Sunday, July 1, 2012

Cling

Cling
A sermon delivered by Rev. Peter T. Atkinson
July 1, 2012
at Gordonsville Presbyterian Church, Gordonsville, Virginia
Romans 12:9c
Luke 6:43-49


Let us pray,
Help us to see despite our eyes
Help us to think outside our minds
Help us to be more than our lives
            For your eyes show us the way
            Your mind knows the truth
            Your being is the life.
Amen. 

This morning we continue our study of "The Marks of a Christian" from Paul's letter to the Romans chapter 12, and we finish out the third part of verse 9, which reads: "Let love be genuine, hate what is evil, hold fast to what is good." Two weeks ago we looked at how love is genuine, last week we looked deeper into the face of what evil is, and today we try to get at what is this thing called good to which we must cling. I chose a passage from Luke's gospel to help us get at this text. Luke 6:43-49. It is all about Fruits and Foundations. . .

43 “No good tree bears bad fruit, nor again does a bad tree bear good fruit; 44 for each tree is known by its own fruit. Figs are not gathered from thorns, nor are grapes picked from a bramble bush. 45 The good person out of the good treasure of the heart produces good, and the evil person out of evil treasure produces evil; for it is out of the abundance of the heart that the mouth speaks.
46 “Why do you call me ‘Lord, Lord,’ and do not do what I tell you? 47 I will show you what someone is like who comes to me, hears my words, and acts on them. 48 That one is like a man building a house, who dug deeply and laid the foundation on rock; when a flood arose, the river burst against that house but could not shake it, because it had been well built. 49 But the one who hears and does not act is like a man who built a house on the ground without a foundation. When the river burst against it, immediately it fell, and great was the ruin of that house.”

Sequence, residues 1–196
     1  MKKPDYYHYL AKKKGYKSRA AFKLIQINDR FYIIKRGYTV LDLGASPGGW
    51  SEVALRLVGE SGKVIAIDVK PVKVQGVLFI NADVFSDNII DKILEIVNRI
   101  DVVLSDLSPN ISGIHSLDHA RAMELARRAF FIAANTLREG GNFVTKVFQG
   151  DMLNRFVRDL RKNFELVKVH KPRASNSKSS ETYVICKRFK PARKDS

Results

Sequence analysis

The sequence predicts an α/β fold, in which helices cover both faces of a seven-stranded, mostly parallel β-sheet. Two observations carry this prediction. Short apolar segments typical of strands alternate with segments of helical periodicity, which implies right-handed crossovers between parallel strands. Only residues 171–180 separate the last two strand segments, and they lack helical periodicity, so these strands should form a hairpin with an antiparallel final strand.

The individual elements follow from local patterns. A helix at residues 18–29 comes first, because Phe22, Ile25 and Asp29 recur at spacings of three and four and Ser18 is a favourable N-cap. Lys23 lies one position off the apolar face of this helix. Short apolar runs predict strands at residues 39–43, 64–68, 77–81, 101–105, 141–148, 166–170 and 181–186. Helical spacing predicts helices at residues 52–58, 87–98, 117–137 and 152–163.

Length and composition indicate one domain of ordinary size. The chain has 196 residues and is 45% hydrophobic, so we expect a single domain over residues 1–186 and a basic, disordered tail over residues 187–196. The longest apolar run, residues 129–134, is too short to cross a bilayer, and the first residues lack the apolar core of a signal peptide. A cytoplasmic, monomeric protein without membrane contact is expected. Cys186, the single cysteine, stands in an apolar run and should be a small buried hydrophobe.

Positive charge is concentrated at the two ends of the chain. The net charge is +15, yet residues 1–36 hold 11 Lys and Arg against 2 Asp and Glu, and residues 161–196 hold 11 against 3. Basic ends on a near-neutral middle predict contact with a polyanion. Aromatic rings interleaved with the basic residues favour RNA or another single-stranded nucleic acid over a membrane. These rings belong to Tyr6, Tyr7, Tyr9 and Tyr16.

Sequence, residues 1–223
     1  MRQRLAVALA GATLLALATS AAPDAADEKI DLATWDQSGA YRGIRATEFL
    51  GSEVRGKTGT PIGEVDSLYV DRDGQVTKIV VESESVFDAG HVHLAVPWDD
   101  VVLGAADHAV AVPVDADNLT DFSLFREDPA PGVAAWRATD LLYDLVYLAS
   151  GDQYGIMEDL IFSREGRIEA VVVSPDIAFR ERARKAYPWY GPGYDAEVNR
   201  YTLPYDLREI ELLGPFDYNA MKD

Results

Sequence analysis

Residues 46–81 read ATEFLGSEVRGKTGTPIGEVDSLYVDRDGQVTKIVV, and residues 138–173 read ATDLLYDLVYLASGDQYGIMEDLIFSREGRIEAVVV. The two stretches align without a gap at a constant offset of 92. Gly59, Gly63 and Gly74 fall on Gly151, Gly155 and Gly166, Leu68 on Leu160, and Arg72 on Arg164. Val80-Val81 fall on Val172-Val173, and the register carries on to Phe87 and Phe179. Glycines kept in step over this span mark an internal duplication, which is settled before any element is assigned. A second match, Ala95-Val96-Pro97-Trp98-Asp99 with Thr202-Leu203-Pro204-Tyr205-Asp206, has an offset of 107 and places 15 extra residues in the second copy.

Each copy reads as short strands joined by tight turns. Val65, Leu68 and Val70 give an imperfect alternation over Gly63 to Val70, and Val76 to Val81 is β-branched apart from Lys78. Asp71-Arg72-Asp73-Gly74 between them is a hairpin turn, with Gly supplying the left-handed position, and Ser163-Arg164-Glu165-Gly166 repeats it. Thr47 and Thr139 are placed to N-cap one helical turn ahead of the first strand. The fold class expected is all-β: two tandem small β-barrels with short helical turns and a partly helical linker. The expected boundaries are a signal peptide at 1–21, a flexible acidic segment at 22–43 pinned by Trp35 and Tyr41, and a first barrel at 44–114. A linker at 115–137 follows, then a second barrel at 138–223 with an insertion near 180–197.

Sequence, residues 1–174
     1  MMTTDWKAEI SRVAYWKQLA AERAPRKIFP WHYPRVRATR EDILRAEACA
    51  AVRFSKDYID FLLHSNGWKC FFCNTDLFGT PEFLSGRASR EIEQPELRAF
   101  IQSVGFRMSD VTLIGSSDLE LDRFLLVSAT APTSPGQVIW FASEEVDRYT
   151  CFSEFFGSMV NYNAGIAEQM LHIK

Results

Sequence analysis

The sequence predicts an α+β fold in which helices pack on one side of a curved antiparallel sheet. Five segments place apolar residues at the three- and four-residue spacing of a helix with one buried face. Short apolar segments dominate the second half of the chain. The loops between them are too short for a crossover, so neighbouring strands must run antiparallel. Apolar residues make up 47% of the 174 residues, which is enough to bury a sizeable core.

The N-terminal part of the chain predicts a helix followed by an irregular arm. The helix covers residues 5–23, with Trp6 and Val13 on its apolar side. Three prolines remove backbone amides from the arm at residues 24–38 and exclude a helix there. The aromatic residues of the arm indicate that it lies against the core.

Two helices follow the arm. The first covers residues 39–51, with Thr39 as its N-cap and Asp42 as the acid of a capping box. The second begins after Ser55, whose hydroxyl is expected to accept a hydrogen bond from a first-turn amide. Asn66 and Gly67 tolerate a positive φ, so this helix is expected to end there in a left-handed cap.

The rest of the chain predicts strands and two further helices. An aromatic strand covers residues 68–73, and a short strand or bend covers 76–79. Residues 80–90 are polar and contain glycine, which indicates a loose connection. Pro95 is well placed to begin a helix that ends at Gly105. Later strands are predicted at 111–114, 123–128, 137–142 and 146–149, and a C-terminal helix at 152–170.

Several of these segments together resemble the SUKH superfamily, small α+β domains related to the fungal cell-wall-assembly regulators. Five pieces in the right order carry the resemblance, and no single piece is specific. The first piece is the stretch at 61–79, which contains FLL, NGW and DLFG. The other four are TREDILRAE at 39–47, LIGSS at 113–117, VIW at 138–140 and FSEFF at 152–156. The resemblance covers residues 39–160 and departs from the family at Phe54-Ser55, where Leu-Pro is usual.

[1] 
Last week while I was talking about evil I led us to a point where hating what is evil could be dangerous because in many ways hate, being the antithesis of love, can lead us down a very dark path, the path where we become the very thing we were hating. There seems to be a great human tendency to turn good things into bad ones, pure things into corrupt ones, great ventures into failures, ideals into stark realities, the list goes on. I will pose today that much of that is because we find it easy to hate what is evil because it is obvious to us, but we somehow do not know how to cling to the good, perhaps we do not know what is good, or perhaps we don't know how to cling, or maybe we just find that we feel that hating evil is enough, but Paul does not pair these two ideas together lightly. There seems to be a real strong connection between Love being genuine, hating what is evil, and forever clinging to what is good. Why is it so important to cling?
This week contains the 4th of July, Independence Day, a day where the world changed because an idea came into reality. The Declaration of Independence stated boldly that human beings are given certain natural rights by God, and that the role of the government is to protect those rights for the people. It was truly Revolutionary, major change occurred. The declaration concludes with the line, "And for support of this Declaration, with a firm reliance on the Protection of divine Providence, we mutually pledge to each other our Lives, our Fortunes, and our sacred Honor." And then they sign. John Hancock, nice and big. And the war that had begun the year earlier continues, and then at the end a Constitution is established and the United States of America is born into the world. We call this the American Revolution, but it is very different from other major revolutions in the world.
Two of histories other major Revolutions are very different. In the French Revolution you have turmoil for many years. Power changes hands, mobs rule, heads roll, fear, revenge, divisive politics, lawlessness prevails, and finally the great hand of repression comes in the person of Napoleon, and order is established, but the freedom, the vision of equality, fraternity, and liberty is lost, the idealism is destroyed by the guillotine's blade, and the people who rose up to fight are once again under the foot of the powerful. The winds of change rise, but no real lasting change takes place. France goes through one hundred years of revolutions and changing governments. The Russian Revolution follows a very similar path. There is a real cry for change, and a legitimate uprising occurs, but those ideals quickly are lost when those who are fighting against injustice come to power and begin to commit atrocities to make sure that their side and their vision is safely, effectively, and completely established. You are left with the U.S.S.R., repressive, again political murder prevails, Totalitarian government, KGB, secret police, Siberian prisons and Gulags.